How Danny Trejo Turned His Life Around
Prolific actor served time in San Quentin and Folsom prisons
What can you tell me about actor Danny Trejo?
—Adriel Herrera, Tulsa, Okla.
Trejo, 68, is one of those actors whose faces you immediately recognize, even if you do not know his name, because he has such a prolific career. He is also famous for the tattoo of a woman with a sombrero on his chest, which is reported to be his mother.
But Trejo never planned to become an actor. He fell into it after serving time in jail.
Born in the Echo Park section of Los Angeles, Trejo has said that in his neighborhood you either grew up to be a drug dealer or a day laborer, so he went into a life of crime, committing armed robberies to support his drug habit.
While he was in prison (he served time in San Quentin and Folsom), he honed his talent as a boxer, winning several titles. But with his criminal record, he was not able to pursue it as a professional career.
Trejo, however, is an example of how prison can rehabilitate someone. It was there that he turned his life around with the help of a 12-step program.
After his release in 1972, Trejo was speaking at a meeting and met a man who worked in the film industry. When he went to visit him on the set of “Runaway Train,” he was offered the role of a convict. He gladly accepted and then was surprised to learn that a screenwriter on the set, who had also done time in San Quentin, knew about his boxing skills and asked him to train the actors for a match.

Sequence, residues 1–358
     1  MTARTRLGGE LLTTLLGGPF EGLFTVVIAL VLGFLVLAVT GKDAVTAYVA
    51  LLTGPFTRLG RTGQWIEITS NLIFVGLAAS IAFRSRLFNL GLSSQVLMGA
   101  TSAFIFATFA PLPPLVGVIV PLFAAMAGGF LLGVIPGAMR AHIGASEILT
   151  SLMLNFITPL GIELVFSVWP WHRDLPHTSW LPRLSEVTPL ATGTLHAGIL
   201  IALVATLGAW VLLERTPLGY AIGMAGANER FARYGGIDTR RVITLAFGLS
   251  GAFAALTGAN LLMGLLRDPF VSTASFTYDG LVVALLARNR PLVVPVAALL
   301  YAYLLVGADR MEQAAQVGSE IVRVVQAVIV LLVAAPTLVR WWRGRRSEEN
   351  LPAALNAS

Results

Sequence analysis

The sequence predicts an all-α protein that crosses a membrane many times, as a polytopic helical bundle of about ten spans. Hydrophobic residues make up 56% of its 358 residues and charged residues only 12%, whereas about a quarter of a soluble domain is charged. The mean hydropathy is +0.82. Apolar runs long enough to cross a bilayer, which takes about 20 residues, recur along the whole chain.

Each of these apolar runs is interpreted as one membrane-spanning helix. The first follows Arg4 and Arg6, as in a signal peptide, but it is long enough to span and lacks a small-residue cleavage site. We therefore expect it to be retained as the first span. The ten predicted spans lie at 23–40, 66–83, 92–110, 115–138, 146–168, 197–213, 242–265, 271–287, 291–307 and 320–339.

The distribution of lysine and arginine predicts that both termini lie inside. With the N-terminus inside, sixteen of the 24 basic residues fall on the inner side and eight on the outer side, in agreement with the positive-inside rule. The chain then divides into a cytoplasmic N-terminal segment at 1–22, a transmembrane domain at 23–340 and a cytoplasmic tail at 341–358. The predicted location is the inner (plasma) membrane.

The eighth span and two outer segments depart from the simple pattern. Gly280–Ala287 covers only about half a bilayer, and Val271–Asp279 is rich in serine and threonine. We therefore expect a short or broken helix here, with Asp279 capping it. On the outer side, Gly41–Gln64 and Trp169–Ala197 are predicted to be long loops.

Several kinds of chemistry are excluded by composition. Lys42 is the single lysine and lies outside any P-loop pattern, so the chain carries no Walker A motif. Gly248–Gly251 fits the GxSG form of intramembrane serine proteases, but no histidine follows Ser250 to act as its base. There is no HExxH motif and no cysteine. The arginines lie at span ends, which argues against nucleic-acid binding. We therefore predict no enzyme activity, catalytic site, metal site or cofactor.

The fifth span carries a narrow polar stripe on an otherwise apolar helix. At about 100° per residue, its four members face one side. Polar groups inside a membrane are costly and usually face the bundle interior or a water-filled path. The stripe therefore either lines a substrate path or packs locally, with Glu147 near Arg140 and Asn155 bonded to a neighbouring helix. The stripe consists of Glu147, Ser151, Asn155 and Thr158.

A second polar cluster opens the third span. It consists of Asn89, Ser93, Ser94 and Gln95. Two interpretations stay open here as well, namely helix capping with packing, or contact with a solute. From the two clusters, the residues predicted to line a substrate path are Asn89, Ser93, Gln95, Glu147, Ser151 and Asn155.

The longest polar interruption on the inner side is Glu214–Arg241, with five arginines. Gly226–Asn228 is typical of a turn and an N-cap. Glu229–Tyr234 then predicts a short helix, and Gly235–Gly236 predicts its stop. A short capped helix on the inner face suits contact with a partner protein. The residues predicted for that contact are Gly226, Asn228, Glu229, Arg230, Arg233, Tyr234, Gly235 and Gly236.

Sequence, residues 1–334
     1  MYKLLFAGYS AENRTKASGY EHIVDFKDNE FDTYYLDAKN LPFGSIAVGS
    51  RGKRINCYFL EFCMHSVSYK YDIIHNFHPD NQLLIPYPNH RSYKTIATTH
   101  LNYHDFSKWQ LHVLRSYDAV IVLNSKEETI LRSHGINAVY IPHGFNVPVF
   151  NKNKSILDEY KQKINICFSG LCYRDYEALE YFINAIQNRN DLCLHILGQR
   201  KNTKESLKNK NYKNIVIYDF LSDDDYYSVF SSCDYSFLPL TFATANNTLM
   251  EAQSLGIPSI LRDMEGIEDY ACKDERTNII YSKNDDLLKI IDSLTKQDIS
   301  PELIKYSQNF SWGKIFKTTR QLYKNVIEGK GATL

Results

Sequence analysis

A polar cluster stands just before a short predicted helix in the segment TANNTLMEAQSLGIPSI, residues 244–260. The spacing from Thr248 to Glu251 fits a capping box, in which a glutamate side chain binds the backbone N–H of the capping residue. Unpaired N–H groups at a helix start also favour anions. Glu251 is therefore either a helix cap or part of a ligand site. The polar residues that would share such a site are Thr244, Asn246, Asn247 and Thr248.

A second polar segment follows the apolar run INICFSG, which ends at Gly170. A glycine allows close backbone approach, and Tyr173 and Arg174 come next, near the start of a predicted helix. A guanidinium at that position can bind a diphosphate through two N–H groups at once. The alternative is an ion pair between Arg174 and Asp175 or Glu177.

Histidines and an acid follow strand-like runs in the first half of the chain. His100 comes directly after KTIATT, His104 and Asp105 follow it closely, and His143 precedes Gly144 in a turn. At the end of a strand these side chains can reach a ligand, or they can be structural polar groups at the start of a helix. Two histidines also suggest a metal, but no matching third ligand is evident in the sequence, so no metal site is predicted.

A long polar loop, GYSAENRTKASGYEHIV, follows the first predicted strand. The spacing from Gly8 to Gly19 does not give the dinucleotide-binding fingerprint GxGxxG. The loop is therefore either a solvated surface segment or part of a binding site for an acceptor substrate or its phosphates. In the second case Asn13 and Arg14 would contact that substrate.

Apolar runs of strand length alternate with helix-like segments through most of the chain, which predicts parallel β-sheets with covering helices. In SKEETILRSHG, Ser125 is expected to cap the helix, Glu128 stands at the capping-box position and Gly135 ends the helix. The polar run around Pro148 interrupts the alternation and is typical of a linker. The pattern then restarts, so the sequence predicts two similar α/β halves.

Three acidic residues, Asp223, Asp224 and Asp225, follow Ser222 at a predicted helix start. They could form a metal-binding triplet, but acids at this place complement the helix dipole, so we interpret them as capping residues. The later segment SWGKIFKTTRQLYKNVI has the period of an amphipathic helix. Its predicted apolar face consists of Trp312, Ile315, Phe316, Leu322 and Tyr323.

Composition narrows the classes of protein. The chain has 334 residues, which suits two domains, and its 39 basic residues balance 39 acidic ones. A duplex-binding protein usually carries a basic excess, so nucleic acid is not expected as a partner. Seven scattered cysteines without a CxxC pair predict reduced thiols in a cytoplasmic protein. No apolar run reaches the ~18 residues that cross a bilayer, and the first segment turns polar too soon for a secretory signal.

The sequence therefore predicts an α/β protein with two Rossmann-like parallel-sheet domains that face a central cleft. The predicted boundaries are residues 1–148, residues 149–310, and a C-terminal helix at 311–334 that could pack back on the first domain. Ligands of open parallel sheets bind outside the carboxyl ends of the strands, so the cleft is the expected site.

The director saw Trejo training Eric Roberts and offered him the role of Roberts’ opponent.
His career was launched. Since then he has performed in too many films to mention, but among the more prominent are “Machete,” “Blood in Blood Out,” “Anaconda,” “Desperado,” “Once Upon a Time in Mexico,” “Con Air,” “Predators,” “Spy Kids,” “Anchorman: The Legend of Ron Burgundy” and the upcoming “Machete Kills.” He also starred in the FX series “Sons of Anarchy.”
As for why he works so much, he says, “When I was young, I was an armed robber and there’s no adrenaline rush like that. The only [other] time I ever felt that was when I heard [director] Andrei Konchalovsky yell, ‘Action!’ I was like, ‘Wow. Here we are again. This whole adrenaline-[rush].’
“But this time I didn’t have a gun. I found my calling. And then when I got my check, I said, ‘For the first half of my life, I went to prison for being a bad guy. Now they’re paying me to be a bad guy.’”
Trejo is married and the father of five children.
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